• Navajo housing review by HUD

    Navajo housing review by HUD

  • 90 new homes in Shiprock torn down

    90 new homes in Shiprock torn down

  • Navajo housing funds pile up, are squandered

    Navajo housing funds pile up, are squandered

  • Former NHA chief: Not bribery, just helping a friend

    Former NHA chief: Not bribery, just helping a friend

  • How the Cherokee Nation spends its federal housing funds

    How the Cherokee Nation spends its federal housing funds

President Russell Begaye blasts Navajo Housing Authority spending on travel as ‘reckless’ and ‘wasteful’

Navajo Nation President Russell Begaye and other leaders have issued a joint letter calling for the tribal housing agency’s top managers to resign or face removal, but a spokeswoman for the Navajo Housing Authority said the letter was never officially received and the president’s demands were not immediately clear.

The missive from Begaye, Tribal Council Speaker LoRenzo Bates and Delegate Alton Joe Shepherd requests the “resignation and/or removal of the managing officers” at the NHA. It alleges that the Housing Authority board has demonstrated “complete and blatant disregard for the Nation and its people” through extravagant spending on travel.

The letter, dated April 13, does not indicate which managers are being asked to quit, or how removal would occur if they refuse.

Nevertheless, six NHA commissioners responded Thursday with a scathing rebuttal that says the president’s request is “completely out of line, outrageous and simply wrong.”

NHA woes

The conflict comes just four months after an Arizona Republic series described nearly two decades of failed projects, mismanagement, fraud and other financial issues at the NHA. The Navajo Nation has received $1.66 billion in federal tax dollars for housing since 1998, yet records show few homes have been built, completed projects were abandoned, and NHA accumulated an unspent backlog of nearly $500 million.

The Navajo housing tragedy

In the aftermath of that report, U.S. Department of Housing and Urban Development officials visited the tribe last month to investigate.

Meanwhile, criticism of the NHA swelled within the tribe. In February, Begaye signed legislation requiring the agency’s eightcommissioners be replaced by a board of five members who must meet new qualification standards. That measure includes a screening and appointment process, and calls for the new board to be seated by mid-June.

It was not immediately clear how the exchange of letters may relate to that legislation. But, Begaye on Thursday said 40 applicants have submitted letters, and “we are expediting processing so they (appointees) can begin their service as early as next week.”

Communication confusion

Abbie Fink, an NHA spokeswoman, said confusion is compounded because Housing Authority administrators “have not officially received the letter” or other communication from Begaye’s office. Fink said her bosses learned of the correspondence indirectly on Monday and issued a statement.

That statement did not address whether NHA’s managers intend to step down, nor did it respond to allegation in the letter of “wasteful misappropriation” of funds. Instead, it stressed the agency’s dedication to providing “quality, safe and affordable housing” to tribal members.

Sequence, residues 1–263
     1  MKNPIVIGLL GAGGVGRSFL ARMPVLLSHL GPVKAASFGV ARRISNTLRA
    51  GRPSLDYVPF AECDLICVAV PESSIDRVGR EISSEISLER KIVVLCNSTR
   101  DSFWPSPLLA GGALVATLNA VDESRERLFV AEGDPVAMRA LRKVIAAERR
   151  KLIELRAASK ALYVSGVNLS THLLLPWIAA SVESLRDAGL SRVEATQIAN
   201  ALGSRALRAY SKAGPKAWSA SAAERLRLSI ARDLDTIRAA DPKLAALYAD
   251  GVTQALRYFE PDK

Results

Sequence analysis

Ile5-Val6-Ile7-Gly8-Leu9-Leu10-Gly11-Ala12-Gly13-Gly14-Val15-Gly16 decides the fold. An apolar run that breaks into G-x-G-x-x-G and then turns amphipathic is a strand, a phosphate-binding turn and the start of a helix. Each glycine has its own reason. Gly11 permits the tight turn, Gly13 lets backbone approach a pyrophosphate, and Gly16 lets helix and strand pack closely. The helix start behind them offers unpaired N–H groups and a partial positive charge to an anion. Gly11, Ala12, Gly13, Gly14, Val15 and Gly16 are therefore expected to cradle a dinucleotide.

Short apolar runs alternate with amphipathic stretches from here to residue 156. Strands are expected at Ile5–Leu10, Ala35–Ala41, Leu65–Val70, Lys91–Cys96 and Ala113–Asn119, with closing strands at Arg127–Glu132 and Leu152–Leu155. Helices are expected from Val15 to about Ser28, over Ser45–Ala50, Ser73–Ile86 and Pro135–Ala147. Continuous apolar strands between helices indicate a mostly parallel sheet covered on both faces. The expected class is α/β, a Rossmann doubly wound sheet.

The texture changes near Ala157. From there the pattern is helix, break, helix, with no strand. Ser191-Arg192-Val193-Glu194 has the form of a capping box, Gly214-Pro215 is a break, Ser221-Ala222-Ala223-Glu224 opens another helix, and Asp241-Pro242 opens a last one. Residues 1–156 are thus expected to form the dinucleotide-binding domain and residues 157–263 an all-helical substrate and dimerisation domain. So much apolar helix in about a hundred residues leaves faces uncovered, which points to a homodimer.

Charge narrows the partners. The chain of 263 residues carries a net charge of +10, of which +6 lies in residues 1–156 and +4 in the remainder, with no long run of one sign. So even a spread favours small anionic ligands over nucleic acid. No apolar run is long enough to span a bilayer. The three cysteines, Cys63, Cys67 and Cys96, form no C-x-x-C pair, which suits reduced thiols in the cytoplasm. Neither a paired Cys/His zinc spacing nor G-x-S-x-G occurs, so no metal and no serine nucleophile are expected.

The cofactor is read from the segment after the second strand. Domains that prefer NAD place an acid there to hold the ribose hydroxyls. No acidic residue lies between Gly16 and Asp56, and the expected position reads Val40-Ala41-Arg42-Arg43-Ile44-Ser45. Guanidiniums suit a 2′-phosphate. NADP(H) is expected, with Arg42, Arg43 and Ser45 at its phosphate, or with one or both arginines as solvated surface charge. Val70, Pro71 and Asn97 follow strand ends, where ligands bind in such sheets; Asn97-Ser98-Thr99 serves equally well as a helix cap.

Mihio Manus, a spokesman for Begaye, insisted that the letter requesting resignations “definitely was sent” to the NHA. He declined to say what steps would be taken if NHA officials ignored or rejected the request.

“The Office of the President and Vice President does have plans in place to address the issue,” Manus added. “This is just the first step. We will be addressing details within a week.”

The letter calling for NHA resignations or removals did not mention NHA failures outlined in Republic reports. Instead, it focused solely on the agency’s “extravagant use of discretionary funds” to send board members and employees to seminars. That criticism was spawned, at least in part, by attendance last year at a National American Indian Housing Council conference in Hawaii.

The letter said “reckless” spending has created distrust and anger among tribal employees and members, derailing NHA’s mission and causing “a complete lack of confidence” in its leadership.

Discrepancies on housing figures

In a separate news release, Begaye’s office said the NHA, which receives over $80 million annually in HUD funds, completed just 26 new dwellings in 2016 while desperate Navajos wait years to get homes. “We cannot continue building homes this way,” the president said. “Our people are buying and living in storage units. Our existing homes are overcrowded. … This type of treatment of our people must stop.”

The response from NHA board members said more than 500 housing units have been built since 2012, including 119 last year.

“We are offended that Navajo leadership would blatantly criticize our trust without taking the time to discuss with us your concerns,” commissioners wrote. “It is unthinkable that the Navajo leadership would go to the media justifying their defamatory, libelous and unfounded statements before we ever received a copy of the letter.”

In a statement issued later Thursday, Begaye expanded his criticism. He said the NHA had a $301 million surplus last year despite the tribe’s need for 34,000 new dwellings. “That is completely unacceptable to the Navajo Nation and the people living in dilapidated homes,” Begaye said. “It brings serious question to the competency of the staff. If this competency is not there, then like any company out there, these people should be replaced.”


Special needs school raises money for clean water

Navajo Nation officials want Trump to subsidize Kayenta Mine, power plant

Grand Canyon gondola proposal stalls in Navajo council: ‘They don’t have the votes’

Navajo Nation names new controller

Read or Share this story: http://azc.cc/2pICUjo